ColoredRectangle is a derived class of Rectangle with added data “color” (which will be stored as a Java Standard Library Color object).
YourClass is a subclass of Shape or of one of its descendants with at least one added data item and appropriate methods. In the input files provided, “Sshape” specifies that a “student shape” should be created. Five numbers are given as sample input – two are to specify the x, y location of the shape, but the other three, plus the color and the word, may or may not be used by you as inputs to your shape creation.
Your shape classes must work with test code similar to that in (In other words, the grader has,, etc.)


Your code must properly adhere to The Rules of object-oriented inheritance, particularly the rule that “Subclass IS-A ParentClass” must always be a true sentence. (Examples: “Car IS-A Vehicle”, “CircularLinkedList IS-A LinkedList”, “Dog IS-A Mammal”.) “Picture IS-A Shape” is NOT a true sentence. Consider a child drawing a picture of a pig – a big, pink circle for the body, four rectangles for the legs, smaller circle for the head, perhaps another rectangle for the snout. The picture of a pig is a grouping of shapes.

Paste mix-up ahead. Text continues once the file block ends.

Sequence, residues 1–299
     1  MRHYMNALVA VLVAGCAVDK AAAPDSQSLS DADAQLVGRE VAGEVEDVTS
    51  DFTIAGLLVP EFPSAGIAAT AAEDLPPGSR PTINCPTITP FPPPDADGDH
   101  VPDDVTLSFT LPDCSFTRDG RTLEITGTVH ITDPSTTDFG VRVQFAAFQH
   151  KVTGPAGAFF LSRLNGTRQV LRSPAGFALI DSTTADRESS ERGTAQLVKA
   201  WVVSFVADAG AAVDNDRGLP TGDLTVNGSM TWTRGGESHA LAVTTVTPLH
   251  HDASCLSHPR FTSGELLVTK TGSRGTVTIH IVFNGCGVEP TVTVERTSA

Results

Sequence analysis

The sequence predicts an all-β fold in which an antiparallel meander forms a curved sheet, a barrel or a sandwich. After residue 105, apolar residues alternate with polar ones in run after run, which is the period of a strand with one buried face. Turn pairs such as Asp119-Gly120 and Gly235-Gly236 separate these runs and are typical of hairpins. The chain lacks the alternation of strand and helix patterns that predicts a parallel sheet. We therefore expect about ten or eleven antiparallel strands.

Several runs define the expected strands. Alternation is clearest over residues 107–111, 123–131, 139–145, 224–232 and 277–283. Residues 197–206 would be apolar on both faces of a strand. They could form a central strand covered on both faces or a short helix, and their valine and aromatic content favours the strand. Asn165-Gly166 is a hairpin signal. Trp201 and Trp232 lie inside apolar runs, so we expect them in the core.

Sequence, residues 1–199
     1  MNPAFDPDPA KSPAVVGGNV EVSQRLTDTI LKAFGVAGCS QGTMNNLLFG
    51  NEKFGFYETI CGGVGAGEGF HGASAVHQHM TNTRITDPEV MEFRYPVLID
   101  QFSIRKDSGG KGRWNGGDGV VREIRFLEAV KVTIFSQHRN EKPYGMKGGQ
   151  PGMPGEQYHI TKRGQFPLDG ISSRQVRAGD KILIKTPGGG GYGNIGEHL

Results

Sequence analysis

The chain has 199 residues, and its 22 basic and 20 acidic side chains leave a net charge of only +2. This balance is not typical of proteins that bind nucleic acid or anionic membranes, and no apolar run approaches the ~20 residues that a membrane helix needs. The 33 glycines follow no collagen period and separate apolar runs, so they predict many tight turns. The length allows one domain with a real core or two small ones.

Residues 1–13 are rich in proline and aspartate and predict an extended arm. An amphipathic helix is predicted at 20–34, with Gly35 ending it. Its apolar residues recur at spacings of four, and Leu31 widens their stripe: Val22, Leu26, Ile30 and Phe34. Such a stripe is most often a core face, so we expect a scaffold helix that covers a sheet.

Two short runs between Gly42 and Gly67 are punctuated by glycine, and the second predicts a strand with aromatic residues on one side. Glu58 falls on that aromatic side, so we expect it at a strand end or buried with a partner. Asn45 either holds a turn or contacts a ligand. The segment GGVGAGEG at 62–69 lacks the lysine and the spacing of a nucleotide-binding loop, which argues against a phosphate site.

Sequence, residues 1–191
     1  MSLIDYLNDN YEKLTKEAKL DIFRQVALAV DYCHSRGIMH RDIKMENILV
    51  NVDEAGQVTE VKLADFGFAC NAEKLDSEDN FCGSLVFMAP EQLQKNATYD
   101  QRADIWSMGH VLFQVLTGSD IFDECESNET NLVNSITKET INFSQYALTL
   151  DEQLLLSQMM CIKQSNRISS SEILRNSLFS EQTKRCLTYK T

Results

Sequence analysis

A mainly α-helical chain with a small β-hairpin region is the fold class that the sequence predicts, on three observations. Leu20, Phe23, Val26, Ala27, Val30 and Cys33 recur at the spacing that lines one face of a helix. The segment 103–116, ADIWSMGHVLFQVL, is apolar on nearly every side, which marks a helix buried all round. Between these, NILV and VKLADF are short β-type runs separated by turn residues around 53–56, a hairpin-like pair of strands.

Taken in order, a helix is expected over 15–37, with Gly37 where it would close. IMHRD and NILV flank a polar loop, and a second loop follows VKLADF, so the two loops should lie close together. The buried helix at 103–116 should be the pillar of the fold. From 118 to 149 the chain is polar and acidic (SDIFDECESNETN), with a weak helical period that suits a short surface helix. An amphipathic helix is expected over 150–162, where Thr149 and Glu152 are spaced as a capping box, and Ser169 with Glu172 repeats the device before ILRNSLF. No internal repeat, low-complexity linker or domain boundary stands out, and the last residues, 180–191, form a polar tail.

Write a driver (client program), called, that reads commands to create pictures and fill them with shapes. When all shapes have been added to a particular picture, the input files may specify that the picture be drawn in a particular color and location, or made to dance. The input files may specify the creation of as many pictures as the user wants, each picture containing as many shapes as the user wants, and shapes may be drawn as many times as the user wants.

  • The driver program must run successfully from the command line / command prompt of a computer (Terminal program on Mac computers, Command Prompt on Windows, etc) using commands like “java Homework1 java Homework1 hwk1input1.txt”, “java Homework1 hwk1input2.txt”, and, in general, “java Homework1 validInputFileName.txt”.
  • When main() starts, in your, args[0] will store a String equal to “validInputFileName.txt”, if the grader were to use the above command. (You can see sample code for reading in an integer this way in the sample driver you were given for MiniProgram 2.) Some sample input test files are provided below, in the list of useful files.
  • Here is sample code to grab the name of the file the user wants your program to open, and open it:
if (args.length <= 0) {
System.out.println("Please use: java Homework1 validInputFileName.txt");
File f = new File (args[0]);
Scanner input = new Scanner(f);

You might consider embedding your “Scanner input” creation inside a try-catch statement (see the appendices of your textbook for instructions on how to do this), since the Scanner constructor will throw a “FileNotFoundException” if the user types the name of a file that does not exist and your program tries to open the non-existant file for reading.

Useful files